By Leonard Maltin | Leonard Maltin December 12, 2009 at 6:56AM
It’s sobering to look back at the Great Depression of the 1930s and see parallels to problems we’re facing today. This excellent compilation illuminates that period with precious newsreel and actuality footage, some of it quite rare and presented “raw.” From a Zuni Indian criticizing the white man’s excesses to a Detroit march for...
“cash relief” there is much food for thought here, as well as amusing sidelights involving entertainers like Fanny Brice, The Boswell Sisters, and Jimmy Durante. Excerpts from such seminal documentaries as The Plow that Broke the Plains and The Power and the Land offer views of the country’s great challenges, while great TV shows from the 1950s like The Jazz Age and Life in the Thirties provide perspective.
The DVD is accompanied by an illustrated booklet featuring letters, thoughts, and essays from the period, and a music CD including such timely songs as "The Panic is On” by Hezekiah Jenkins, “If I Ever Get a Job Again” by Dick Robertson and his Orchestra, “NRA Blues” by Bill Cox, “The Clouds Will Soon Roll By” by Eddy Duchin and his Orchestra, “Headin’ for Better Times” by Ted Lewis and his Band, “The Great Dust Storm” by Woody Guthrie, and “Starvation Blues” by Eddie Cantor.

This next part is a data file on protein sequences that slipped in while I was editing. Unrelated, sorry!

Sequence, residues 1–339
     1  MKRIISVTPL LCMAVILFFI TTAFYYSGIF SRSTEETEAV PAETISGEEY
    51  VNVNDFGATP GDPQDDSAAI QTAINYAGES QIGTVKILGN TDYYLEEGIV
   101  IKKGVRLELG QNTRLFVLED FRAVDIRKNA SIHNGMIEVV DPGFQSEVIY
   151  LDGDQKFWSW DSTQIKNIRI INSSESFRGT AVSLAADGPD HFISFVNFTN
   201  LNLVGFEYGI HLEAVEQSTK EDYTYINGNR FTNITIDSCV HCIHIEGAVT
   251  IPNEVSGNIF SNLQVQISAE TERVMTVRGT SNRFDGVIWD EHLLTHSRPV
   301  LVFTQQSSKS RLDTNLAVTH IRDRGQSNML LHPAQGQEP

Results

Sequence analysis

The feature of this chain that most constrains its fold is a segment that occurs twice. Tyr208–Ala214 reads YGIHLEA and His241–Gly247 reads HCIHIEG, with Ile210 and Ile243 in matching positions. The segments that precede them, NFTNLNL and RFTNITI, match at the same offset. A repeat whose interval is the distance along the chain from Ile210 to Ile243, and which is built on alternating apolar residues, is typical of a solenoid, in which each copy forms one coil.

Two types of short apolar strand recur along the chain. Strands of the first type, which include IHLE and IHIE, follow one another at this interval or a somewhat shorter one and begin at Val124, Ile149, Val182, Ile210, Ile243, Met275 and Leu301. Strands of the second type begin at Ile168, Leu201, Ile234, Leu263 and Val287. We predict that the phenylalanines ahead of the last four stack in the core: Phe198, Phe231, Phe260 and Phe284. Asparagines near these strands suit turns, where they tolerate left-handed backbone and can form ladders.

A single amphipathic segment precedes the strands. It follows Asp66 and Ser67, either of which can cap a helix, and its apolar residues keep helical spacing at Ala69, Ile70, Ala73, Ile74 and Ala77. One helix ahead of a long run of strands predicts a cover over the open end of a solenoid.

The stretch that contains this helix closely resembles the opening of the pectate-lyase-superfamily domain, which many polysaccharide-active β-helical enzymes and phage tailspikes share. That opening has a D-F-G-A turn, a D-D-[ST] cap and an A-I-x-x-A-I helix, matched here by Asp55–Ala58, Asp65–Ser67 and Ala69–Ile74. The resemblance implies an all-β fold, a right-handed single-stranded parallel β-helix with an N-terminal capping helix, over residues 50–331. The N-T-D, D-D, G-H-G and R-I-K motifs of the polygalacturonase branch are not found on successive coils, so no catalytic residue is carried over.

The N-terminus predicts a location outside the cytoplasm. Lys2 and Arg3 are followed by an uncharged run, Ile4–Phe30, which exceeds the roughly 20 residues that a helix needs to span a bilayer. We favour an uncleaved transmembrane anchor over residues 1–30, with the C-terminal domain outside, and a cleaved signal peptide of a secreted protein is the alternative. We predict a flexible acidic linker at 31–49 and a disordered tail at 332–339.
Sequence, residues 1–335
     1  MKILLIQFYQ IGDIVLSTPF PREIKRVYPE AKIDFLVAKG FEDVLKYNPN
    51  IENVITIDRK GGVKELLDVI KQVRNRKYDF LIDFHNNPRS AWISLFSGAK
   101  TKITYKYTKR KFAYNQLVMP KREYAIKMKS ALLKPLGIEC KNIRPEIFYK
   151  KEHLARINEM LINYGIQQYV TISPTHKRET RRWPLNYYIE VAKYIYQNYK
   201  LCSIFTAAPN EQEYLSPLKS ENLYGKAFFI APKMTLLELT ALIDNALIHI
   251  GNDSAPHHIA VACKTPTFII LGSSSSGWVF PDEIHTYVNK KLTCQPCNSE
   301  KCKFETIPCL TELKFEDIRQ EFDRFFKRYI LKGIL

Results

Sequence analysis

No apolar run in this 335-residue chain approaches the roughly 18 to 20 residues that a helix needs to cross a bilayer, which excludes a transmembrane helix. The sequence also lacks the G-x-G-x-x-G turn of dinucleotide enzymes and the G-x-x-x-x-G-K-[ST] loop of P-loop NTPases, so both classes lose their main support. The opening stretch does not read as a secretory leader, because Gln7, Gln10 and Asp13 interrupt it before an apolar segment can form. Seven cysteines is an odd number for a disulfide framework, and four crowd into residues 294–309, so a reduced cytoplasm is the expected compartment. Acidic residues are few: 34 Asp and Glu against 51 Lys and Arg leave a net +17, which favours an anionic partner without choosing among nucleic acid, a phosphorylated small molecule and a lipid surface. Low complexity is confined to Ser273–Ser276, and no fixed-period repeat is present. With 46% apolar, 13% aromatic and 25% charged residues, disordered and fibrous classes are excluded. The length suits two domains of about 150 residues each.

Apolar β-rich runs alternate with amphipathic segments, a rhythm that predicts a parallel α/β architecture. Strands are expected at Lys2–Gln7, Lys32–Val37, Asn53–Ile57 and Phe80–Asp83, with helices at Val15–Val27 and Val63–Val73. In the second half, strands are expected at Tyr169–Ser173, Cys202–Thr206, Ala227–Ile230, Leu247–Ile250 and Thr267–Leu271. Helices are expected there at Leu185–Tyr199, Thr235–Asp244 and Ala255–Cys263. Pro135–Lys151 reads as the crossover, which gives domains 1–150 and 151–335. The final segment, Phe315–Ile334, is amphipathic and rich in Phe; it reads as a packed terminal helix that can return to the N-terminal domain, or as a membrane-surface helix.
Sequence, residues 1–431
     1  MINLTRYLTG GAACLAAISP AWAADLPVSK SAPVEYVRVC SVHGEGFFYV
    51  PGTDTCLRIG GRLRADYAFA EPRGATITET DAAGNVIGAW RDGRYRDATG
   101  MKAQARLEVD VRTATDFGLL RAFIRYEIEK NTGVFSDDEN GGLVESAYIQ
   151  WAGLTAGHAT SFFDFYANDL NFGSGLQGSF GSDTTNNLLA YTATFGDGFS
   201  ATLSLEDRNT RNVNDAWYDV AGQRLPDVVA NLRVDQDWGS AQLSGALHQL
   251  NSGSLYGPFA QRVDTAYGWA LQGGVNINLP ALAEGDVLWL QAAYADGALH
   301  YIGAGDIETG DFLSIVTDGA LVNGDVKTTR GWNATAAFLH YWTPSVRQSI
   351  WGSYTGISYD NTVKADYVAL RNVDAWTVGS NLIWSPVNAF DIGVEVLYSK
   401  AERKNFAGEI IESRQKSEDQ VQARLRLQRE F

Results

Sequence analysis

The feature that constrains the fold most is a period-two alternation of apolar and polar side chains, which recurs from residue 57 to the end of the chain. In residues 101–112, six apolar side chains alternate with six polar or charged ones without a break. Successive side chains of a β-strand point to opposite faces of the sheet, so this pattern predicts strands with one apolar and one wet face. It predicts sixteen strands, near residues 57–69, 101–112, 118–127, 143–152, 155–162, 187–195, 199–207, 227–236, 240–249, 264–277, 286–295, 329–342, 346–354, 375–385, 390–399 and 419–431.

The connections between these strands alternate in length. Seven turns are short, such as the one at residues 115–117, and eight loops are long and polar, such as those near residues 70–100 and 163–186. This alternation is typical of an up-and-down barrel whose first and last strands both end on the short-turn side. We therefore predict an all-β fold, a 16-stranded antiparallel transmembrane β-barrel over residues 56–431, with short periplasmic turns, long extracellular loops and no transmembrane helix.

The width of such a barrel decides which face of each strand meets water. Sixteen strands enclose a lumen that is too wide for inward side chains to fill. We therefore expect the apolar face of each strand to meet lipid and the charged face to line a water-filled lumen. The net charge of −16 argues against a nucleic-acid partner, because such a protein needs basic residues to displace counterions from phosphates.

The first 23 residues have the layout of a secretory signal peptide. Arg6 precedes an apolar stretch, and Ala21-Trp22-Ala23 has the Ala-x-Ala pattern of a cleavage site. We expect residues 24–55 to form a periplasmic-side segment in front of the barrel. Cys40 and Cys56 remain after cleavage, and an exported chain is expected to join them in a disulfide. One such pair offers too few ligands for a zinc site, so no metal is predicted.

We have producers Joe Lauro, Sherwin Dunner and Richard Nevins to thank for this excellent compilation of film, music and historical commentary. I like to think I know a bit about this period and I was mesmerized; its potential as a teaching tool is enormous.